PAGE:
CTC assessment gauges school leadership
August 17, 2017
During the past seven years, the California Commission on Teacher Credentialing has been engaged in a comprehensive effort to update and revise standards, policies and regulations relating to the preparation of school administrators and program accreditation. The effort has been motivated by contemporary developments in both the research and practices of effective school administrators and by the complex needs of California’s public schools in the 21st century.
Importantly, the CTC reforms in educational administration have been informed by theories and evidenced-based practices relating to instructional leadership, change leadership, professional learning communities, experiential learning, equity and equal opportunity in schools, and organizational systems. The work has been strongly influenced by scholars including Chris Argyris, Edwin Bridges, Linda Darling-Hammond, Richard DuFour, Michael Fullan, Carl Glickman, Meredith Honig, David Kolb, Kenneth Leithwood, Richard Marzano, Joseph Murphy, Terry Orr, Karen Seashore Louis, Edgar Schein, Peter Senge and Kyla Wahlstrom.
In September 2013, the CTC amended the requirements for earning the Preliminary Administrative Services Credential to include, along with successfully completing an approved program and clinical practice, the passage of an administrator performance assessment. While in recent years, interest in authentic demonstrations of administrative ability has increased among administrative credentialing programs, California is one of a small number of states that has taken action to incorporate a capstone performance assessment as a licensure requirement.
The primary impetus behind this initiative rests on the theory that the ability of a candidate to demonstrate administrative competencies is a better predictor of future success than merely relying on traditional assessments of administrative content knowledge. This concept was a key principle described in the report “Greatness by Design,” released by the state superintendent of public instruction in 2012.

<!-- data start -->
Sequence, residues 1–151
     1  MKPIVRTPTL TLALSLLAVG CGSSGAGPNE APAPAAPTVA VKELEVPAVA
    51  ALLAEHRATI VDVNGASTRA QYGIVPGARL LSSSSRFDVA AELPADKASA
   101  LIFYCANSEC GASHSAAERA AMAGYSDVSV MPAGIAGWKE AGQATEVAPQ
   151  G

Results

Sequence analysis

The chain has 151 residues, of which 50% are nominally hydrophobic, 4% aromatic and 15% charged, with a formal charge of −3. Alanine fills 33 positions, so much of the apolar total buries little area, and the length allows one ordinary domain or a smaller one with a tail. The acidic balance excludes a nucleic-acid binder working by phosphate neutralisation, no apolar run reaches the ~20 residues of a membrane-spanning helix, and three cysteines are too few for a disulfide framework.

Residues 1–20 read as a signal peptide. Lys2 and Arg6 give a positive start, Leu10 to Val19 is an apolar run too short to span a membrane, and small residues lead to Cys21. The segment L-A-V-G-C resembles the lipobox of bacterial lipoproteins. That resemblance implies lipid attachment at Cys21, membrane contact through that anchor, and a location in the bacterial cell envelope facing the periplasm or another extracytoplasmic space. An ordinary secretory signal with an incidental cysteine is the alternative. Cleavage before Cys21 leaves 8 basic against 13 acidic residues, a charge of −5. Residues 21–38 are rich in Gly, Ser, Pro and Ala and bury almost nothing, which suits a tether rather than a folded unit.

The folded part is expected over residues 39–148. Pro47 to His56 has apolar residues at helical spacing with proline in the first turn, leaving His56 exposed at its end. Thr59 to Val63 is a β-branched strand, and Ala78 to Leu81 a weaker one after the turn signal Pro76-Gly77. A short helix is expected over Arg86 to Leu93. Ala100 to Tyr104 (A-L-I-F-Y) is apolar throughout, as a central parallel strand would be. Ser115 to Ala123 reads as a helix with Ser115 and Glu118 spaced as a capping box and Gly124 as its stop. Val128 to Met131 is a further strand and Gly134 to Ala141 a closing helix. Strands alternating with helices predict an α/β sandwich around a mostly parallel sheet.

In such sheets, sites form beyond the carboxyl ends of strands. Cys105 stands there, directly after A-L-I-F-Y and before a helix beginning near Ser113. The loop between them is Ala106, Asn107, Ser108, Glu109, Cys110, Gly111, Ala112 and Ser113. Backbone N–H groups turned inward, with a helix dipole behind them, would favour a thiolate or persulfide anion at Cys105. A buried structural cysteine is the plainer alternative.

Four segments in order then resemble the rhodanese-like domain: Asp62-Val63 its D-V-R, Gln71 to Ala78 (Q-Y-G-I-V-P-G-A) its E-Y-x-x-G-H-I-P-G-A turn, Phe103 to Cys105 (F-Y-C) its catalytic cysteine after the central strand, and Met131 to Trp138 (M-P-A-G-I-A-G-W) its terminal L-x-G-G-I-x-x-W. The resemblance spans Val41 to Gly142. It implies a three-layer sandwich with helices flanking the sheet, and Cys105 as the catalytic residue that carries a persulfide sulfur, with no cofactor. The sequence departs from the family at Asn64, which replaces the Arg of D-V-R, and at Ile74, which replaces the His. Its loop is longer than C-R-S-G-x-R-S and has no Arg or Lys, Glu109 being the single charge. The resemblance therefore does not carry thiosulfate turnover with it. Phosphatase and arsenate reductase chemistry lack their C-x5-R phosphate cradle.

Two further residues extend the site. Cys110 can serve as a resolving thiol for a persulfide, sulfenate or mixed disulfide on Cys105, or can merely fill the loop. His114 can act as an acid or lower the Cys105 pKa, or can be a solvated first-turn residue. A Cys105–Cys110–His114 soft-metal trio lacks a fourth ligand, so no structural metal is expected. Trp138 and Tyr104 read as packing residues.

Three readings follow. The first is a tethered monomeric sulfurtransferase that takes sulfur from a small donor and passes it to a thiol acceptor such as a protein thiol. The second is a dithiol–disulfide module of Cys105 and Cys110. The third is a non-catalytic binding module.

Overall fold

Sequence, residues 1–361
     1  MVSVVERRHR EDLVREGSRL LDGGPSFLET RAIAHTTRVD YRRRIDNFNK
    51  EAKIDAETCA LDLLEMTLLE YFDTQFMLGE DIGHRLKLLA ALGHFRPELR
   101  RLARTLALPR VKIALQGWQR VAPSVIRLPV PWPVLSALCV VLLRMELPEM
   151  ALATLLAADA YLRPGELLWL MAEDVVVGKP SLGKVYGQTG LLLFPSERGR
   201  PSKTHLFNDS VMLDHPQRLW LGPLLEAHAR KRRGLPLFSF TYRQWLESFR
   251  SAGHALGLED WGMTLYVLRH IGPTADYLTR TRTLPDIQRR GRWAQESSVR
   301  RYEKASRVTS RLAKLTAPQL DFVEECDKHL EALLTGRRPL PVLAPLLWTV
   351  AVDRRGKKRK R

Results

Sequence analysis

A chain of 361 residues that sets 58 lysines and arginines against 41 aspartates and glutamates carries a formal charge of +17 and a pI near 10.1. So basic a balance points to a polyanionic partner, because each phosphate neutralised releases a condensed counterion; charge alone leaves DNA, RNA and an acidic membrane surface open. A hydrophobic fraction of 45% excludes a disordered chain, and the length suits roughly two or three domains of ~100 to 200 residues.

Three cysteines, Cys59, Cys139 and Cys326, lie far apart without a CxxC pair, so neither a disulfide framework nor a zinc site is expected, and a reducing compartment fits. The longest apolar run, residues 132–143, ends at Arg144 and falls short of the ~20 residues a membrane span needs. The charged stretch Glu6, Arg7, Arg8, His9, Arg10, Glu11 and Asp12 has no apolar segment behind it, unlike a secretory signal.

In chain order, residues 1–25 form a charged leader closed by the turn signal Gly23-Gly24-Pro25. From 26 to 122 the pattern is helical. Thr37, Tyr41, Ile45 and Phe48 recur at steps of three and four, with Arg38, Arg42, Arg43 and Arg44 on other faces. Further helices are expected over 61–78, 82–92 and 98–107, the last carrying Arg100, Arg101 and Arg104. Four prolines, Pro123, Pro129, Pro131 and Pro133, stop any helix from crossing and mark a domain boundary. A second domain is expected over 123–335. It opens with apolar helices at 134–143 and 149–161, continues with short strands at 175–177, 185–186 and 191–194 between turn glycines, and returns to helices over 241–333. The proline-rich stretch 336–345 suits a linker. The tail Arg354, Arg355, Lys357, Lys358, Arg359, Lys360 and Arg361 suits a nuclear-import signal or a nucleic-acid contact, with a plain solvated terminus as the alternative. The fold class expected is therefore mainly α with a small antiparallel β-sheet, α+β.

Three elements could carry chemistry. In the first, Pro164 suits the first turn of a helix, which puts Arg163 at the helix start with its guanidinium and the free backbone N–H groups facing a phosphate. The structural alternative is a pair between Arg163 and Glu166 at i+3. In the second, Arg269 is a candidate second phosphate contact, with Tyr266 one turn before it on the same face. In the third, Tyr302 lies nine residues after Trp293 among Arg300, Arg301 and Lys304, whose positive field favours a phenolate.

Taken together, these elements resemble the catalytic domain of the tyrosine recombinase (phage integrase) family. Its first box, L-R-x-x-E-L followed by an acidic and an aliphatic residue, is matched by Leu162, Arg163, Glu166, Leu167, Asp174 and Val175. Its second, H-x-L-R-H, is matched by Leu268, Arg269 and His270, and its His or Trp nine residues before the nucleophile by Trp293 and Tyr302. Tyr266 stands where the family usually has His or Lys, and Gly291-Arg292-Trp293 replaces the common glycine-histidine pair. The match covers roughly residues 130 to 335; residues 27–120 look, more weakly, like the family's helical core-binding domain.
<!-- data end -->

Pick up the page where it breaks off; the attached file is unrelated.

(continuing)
Over the past year, a 15-member design team of practitioners and administrative educators, including representatives from ACSA, the California Association of Professors of Educational Administration, California Teachers Association, California Department of Education, and assessment development experts from the CTC and Evaluation Systems group of Pearson, has been engaged in designing an assessment instrument called the California Administrative Performance Assessment. The CalAPA has been purposefully designed to address key elements of the California Administrator Performance Expectations (CAPE). The recently revised professional standards provide the conceptual and practical basis for the three leadership cycles, or tasks, that comprise the CalAPA and assess organizational development, change management and instructional leadership.
• eadership Cycle 1, Analyzing Data to Inform School Improvement and Equity, focuses on analyzing multiple sources of school site/district data for the purpose of identifying equity gaps to inform an initial draft plan for equitable improvement in line with the school’s vision and mission.
• eadership Cycle 2, Facilitating Communities of Practice, focuses on facilitating collaborative professional learning within a community of practice for the purpose of improving teaching practice and student learning.
• eadership Cycle 3, Supporting Teacher Growth, focuses on coaching an individual teacher to improve teaching and learning.